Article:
At the end of his life, the much beloved and influential Zen Master, Seung Sahn, was asked by one of his pupils the purpose of his life.
“The purpose of my life,” he said, “is finding the purpose of my life.”
Boom. Drop the mic.
Seung Sahn isn’t promoting rumination and, as far as I know, he wasn’t in full cerebral stroke when he said this.
He was pointing to a game changing perspective on life purpose.
One, purpose has fluidity. It can be created and re-created, changing as you and life around you change. Your purpose can change and it can change at multiple levels, such as family, friend, partner, job, today, tomorrow, this morning, and even now as you read this.
Frankly, the levels are limited only by your imagination. The purpose of your life today–and only today– is the purpose of YOUR LIFE. Tomorrow’s purpose may differ.
As a psychotherapist, I encourage some of my clients to play with this idea for a couple of weeks or so. Either before bed or when they first awaken, they ask themselves (sometimes in a journal or voice recording, or even set auto-reminders throughout the day), “what is the purpose of my life today, or for the next 4 hours, or right now, or whatever?” Keep the scale small and pick something different each time you ask the question.
Don’t knock it till you try it.
Guess what they found?
In their daily lives, they noticed they had a more active, alert and open engagement with life. They were more accepting of challenge. More curious. More courageous. More forgiving of their imperfections.
Why? Because they didn’t need the grand answer to the purpose question. The smaller answers to smaller purpose-related questions led to BIG shifts in well-being.
And…more depth in living.
You know what else they discovered?
The contentment that comes with depth in living has nothing to do with their best, most successful, most uniquely peak-performing self.
Sounds nice, doesn’t it?
It gets better. They learned something else that shifted their perspective on life and purpose:
The question becomes the direction.
In often small, seemingly insignificant ways, questions about purpose, NOT ANSWERS, provide guidance. I’m not bashing answers. Some answers are great…AND…some questions bring more depth to living than answers.
If you want to get serious about life-changing questions, try my free “Launch Your Personal Transformation” email mini course. Meet and answer the ten crucial questions that will compel you to live more vitally. Again, why are questions important?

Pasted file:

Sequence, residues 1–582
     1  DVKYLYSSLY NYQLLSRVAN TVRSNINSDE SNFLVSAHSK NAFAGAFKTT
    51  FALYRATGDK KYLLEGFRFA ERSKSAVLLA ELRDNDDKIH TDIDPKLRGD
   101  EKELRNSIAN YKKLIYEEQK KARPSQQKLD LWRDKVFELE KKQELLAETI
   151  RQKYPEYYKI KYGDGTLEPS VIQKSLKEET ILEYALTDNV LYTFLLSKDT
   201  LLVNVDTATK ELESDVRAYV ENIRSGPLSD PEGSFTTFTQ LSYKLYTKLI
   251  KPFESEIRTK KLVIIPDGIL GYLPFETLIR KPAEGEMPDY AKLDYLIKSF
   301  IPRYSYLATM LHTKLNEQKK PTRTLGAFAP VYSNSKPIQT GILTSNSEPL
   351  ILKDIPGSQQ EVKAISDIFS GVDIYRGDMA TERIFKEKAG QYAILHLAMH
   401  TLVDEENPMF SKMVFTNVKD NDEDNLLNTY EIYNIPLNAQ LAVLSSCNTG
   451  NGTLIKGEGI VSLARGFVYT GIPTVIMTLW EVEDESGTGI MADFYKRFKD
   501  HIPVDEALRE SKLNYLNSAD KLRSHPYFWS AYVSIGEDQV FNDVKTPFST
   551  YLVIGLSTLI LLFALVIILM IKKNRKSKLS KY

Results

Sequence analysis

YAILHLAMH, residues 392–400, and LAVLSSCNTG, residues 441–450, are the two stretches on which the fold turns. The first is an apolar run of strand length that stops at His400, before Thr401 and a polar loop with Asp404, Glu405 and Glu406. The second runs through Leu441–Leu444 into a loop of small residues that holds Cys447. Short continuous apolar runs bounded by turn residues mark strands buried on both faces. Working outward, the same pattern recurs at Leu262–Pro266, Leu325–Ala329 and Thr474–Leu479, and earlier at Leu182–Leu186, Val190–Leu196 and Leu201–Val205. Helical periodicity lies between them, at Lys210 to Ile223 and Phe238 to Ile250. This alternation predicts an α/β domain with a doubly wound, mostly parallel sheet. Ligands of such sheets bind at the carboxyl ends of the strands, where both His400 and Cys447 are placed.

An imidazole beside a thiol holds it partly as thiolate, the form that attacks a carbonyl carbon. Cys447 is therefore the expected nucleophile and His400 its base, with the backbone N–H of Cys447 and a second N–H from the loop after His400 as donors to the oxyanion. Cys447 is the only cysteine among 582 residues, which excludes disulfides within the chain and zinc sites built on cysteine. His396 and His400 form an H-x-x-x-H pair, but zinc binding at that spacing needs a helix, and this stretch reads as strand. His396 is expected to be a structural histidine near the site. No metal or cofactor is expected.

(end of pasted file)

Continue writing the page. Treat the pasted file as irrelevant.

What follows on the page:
Because the questions, themselves, spawn direction.
Keeping the question alive seems to be part of the path of wisdom. The holding of the question, over time, builds greater tolerance for and, appreciation of, the inevitable and unavoidable mysteries and paradoxes we encounter and, quite often, a growing freedom from the relentless anxieties that are part of the need to figure stuff out that isn’t meant to be simplified, rationalized or compartmentalized from the rest of life.
Simply stated: embrace your not-knowing side and feel stronger, fuller and more resilient.
There are good questions (life-giving ones) and crummy questions (life-sapping ones).
The difference is important. I’d like to encourage you to attend to the questions you ask of yourself rather than jumping to fix-the-pain-now mode with positive thinking or control strategies. I promise I won’t peddle infinite positivity to you. My friend, you are too rich in spirit and complex in intellect to buy that.
Here’s are some good, life-giving question examples:
Life-giving questions are compasses.
They direct you to the deeper, fuller end of the pool, where life is not always more comfortable, but more immediate, more alive. They bring movement and expansion. It’s where a lot of good change and growth happens.
Just imagine a short, rotund Zen Master floating on an inflatable raft with a mai tai in one hand, waiting for you at the deep end of the pool.